What does IUCN species action planning contribute to the conservation process?

Richard A. Fuller, Philip J.K. McGowan, John P. Carroll, René W.R.J. Dekker, Peter J. Garson

Research output: Contribution to journalArticlepeer-review

16 Scopus citations


More than 60 Species Action Plans have been published by the Species Survival Commission (SSC) of IUCN - The World Conservation Union. They are designed to assess the status of threatened species and their habitats, and provide prioritised recommendations for action, but there is debate about the effectiveness of such plans in stimulating conservation action and research. We evaluated three Action Plans covering a group of large terrestrial birds, published in 1995. Of 54 projects suggested in these plans, 33 had been initiated in the 5 years since publication, and 35 specific conservation actions were undertaken. Forty-five peer-reviewed papers were published, and at least 88 other outputs in the form of symposium presentations, posters and popular articles were produced. Although it is impossible to demonstrate the effectiveness of species action planning through rigorous scientific assessment, these results indicate a substantial amount of conservation-relevant activity directly attributable to the process. They also highlight the need for a clear definition of the role of Action Plans. We suggest that many of the criticisms directed toward species action plans result from an over-optimistic view of their power to catalyse action, and conclude by presenting a new model describing their niche within the wider context of conservation biology and policy.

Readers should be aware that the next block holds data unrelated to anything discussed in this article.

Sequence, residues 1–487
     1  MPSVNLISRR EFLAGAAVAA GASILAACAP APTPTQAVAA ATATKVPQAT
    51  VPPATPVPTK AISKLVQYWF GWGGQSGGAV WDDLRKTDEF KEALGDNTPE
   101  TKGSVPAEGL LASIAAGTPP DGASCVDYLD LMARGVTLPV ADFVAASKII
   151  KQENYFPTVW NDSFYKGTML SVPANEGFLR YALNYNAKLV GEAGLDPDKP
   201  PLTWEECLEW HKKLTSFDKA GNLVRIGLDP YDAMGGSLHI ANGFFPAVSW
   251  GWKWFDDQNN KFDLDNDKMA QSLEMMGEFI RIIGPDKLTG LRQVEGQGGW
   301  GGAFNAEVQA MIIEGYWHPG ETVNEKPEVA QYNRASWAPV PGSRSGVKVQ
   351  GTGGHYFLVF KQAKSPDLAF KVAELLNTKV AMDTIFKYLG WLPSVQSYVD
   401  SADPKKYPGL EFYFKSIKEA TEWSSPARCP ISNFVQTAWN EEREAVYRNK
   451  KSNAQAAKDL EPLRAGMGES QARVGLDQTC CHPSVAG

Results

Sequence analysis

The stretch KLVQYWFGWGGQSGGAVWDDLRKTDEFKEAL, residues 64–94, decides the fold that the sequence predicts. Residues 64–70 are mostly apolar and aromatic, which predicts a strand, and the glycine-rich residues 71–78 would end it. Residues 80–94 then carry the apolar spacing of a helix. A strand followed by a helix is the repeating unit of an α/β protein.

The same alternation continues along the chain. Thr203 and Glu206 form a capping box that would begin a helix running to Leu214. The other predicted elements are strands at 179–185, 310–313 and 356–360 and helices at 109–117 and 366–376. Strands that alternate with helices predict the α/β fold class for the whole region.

Original languageEnglish (US)
Pages (from-to)343-349
Number of pages7
JournalBiological Conservation
Issue number3
StatePublished - Aug 2003
Externally publishedYes


  • Conservation policy
  • Galliformes
  • IUCN
  • Species action plans

ASJC Scopus subject areas

  • Ecology, Evolution, Behavior and Systematics
  • Nature and Landscape Conservation


Dive into the research topics of 'What does IUCN species action planning contribute to the conservation process?'. Together they form a unique fingerprint.

Cite this